Lopez roughed up in Phillies' loss
Starter gives up seven runs (three earned) in four innings
SAN FRANCISCO -- Rodrigo Lopez stepped on the mound Thursday night at AT&T Park knowing it might be his last start for the Phillies.If it was his last start for the foreseeable future, he would like to have it back. He allowed eight hits and seven runs (three earned) in four innings in a 7-2 loss to the Giants, which gave the Phillies consecutive losses for the first time since they lost three consecutive games June 30 - July 2 against the Braves at Turner Field. He didn't get much help as the normally reliable Phillies defense committed three errors. Lopez is 3-1 with a 3.62 ERA in five starts, but his spot is clearly in serious jeopardy. The Phillies just acquired Cliff Lee from the Indians and their rotation has Lee pitching Friday, Joe Blanton pitching Saturday, Cole Hamels pitching Sunday, Jamie Moyer pitching Tuesday and J.A. Happ pitching Wednesday. That's five pitchers for a five-man rotation. That means Lopez is out barring some unforeseen event, although Phillies manager Charlie Manuel said they have not made any decision on Lopez's fate. It is possible Lopez could remain with the team and pitch in the bullpen. But Lopez had the odds stacked against him even before the Phillies acquired Lee because the Phillies signed right-hander Pedro Martinez earlier this month. Martinez makes a rehab start Friday night for Triple-A Lehigh Valley. Martinez might need just one more rehab start before he is ready to join the rotation. "I will wait until tomorrow and come here and try to work hard," Lopez said. "I'm going to look forward for my next time to pitch." Giants third baseman Pablo Sandoval, whom Manuel didn't select to make the National League All-Star team, hammered Lopez and the Phillies. He went 2-for-4 with one double, one home run and four RBIs. Statement? "I don't care about that," Sandoval said. "That was past, in the first half. Now I'm focused [for] the second half." But it sure looked like Sandoval was trying to get Manuel's attention. "Then maybe our pitchers are going to have to get his attention and get him out some," Manule said with a laugh. "How about that?" The only drama for the Phillies came in the sixth inning when Giants left-hander Jonathan Sanchez threw a first-pitch fastball over Chase Utley's head. Intentional? "I don't know," Utley said. "I guess you're going to have to ask him." "I lost my release point," Sanchez said. "It was supposed to be away. I didn't try to hit him. I have nothing against him." Utley looked at Sanchez and took a quick step toward the mound, but kept his composure and remained at home plate. Utley never exchanged words with Sanchez, but the pitch clearly agitated him. Two pitches later, Utley called time and stepped out of the batter's box just before Sanchez delivered a pitch. Sanchez threw the ball into the ground, and it rolled to home plate. Gamesmanship? "I wasn't ready and he started his windup," Utley said. "I just wanted to make sure that I was ready to hit." Utley got the last laugh. Sanchez threw a 2-2 fastball, which Utley drilled over the right-field wall for a solo home run. "The last thing you want that to do is affect your at-bat," Utley said. "Anytime you're successful at the plate there's a little satisfaction, but I'm disappointed that we didn't play that well tonight." "Utley answered him the right way," said Manuel, who did not think Sanchez threw at Utley intentionally with a 7-1 lead. But the battle continued with two outs in the bottom of the seventh inning. Phillies right-hander Tyler Walker drilled Ryan Garko with a 0-1 fastball in the back of the left shoulder. Home-plate umpire Bill Welke quickly warned Walker and both benches. No more bean balls. For now, anyway. The Phillies and Giants are two good teams in the beginnings of a four-game series. It could be a spark to ignite an intense weekend.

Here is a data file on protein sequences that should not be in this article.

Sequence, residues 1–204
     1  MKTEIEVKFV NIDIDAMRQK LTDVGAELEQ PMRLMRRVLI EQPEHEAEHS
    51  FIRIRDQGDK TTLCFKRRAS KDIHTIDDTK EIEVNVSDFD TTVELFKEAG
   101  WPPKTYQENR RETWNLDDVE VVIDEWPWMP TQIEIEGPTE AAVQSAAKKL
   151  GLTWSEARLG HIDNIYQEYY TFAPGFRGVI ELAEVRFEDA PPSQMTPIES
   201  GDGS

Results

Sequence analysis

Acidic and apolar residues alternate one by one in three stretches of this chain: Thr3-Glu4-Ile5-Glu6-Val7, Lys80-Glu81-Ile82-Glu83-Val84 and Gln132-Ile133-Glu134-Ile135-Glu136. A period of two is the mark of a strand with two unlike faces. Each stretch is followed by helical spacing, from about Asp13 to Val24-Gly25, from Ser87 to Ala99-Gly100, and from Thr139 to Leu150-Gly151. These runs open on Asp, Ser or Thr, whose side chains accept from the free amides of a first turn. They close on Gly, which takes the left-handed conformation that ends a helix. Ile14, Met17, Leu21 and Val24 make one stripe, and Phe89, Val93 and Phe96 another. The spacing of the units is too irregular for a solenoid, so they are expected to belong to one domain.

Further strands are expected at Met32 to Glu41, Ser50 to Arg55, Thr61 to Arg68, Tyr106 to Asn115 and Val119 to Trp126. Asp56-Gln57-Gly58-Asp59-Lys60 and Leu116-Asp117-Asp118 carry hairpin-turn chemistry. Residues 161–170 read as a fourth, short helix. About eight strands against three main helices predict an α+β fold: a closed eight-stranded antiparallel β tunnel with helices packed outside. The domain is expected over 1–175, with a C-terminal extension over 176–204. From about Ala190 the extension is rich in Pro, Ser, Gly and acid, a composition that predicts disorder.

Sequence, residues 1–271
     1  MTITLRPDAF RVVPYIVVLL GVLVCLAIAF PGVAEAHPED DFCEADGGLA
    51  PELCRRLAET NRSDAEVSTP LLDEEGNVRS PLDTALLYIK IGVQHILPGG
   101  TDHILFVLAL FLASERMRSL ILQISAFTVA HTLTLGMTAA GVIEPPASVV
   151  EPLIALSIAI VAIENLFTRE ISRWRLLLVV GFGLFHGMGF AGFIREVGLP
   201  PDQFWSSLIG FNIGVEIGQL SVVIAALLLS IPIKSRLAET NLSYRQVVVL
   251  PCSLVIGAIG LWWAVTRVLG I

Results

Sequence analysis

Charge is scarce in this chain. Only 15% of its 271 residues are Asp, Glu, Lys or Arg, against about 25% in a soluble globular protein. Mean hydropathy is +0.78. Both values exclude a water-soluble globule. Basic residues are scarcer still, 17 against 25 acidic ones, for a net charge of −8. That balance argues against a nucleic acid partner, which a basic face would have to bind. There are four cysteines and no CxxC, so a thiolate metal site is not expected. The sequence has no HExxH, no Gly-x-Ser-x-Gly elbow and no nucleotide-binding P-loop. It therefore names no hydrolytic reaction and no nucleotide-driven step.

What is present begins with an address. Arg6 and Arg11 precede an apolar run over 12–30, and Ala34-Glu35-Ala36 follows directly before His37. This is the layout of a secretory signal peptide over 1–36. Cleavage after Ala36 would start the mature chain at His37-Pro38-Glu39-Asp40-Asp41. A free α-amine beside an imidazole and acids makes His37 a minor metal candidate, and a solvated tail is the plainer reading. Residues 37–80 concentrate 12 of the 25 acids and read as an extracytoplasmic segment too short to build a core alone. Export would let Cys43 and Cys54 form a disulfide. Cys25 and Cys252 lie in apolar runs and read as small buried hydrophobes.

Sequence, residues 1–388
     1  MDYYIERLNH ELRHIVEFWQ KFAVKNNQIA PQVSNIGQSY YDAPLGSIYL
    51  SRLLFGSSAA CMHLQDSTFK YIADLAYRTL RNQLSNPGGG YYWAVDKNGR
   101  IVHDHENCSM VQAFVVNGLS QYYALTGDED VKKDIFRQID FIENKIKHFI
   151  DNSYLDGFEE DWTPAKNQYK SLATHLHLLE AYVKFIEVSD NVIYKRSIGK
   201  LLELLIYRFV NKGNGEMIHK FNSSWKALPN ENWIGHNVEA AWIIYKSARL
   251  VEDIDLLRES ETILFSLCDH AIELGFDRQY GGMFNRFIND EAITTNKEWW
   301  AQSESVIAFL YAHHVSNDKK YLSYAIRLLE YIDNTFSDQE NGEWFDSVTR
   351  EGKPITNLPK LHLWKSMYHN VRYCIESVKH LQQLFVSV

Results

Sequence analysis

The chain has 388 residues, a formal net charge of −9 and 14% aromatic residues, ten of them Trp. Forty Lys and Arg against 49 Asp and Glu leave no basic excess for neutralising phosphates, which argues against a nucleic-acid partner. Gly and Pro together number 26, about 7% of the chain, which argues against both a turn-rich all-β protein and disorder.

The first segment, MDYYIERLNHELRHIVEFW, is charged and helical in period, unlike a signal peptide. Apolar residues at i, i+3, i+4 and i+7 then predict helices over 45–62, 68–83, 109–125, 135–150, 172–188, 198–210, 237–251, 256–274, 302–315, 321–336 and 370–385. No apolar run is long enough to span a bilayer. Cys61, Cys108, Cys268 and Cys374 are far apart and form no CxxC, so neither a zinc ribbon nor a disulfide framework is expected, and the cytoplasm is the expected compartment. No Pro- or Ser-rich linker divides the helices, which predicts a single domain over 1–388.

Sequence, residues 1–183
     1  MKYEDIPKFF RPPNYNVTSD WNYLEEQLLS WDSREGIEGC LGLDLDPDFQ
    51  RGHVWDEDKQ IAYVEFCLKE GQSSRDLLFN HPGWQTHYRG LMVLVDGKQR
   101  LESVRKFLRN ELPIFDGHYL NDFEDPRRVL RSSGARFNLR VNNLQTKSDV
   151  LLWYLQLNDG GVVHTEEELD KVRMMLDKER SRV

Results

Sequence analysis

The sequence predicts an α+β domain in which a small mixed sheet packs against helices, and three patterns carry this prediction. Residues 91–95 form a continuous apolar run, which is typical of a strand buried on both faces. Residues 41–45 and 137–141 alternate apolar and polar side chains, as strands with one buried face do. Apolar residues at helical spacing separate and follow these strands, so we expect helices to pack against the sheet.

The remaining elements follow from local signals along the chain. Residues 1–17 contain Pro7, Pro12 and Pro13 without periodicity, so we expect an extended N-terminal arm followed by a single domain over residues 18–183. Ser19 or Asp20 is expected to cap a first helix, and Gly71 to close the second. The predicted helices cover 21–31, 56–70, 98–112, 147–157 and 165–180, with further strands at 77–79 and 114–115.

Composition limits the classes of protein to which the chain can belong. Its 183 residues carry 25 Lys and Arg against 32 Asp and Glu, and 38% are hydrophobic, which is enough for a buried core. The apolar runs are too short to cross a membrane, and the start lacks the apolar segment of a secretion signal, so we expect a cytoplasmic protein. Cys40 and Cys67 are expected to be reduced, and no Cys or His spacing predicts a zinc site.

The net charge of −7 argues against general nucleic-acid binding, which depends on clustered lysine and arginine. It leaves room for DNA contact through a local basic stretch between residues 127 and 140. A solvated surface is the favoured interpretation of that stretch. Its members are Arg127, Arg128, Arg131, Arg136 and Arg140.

Todd Zolecki is a reporter for MLB.com. This story was not subject to the approval of Major League Baseball or its clubs.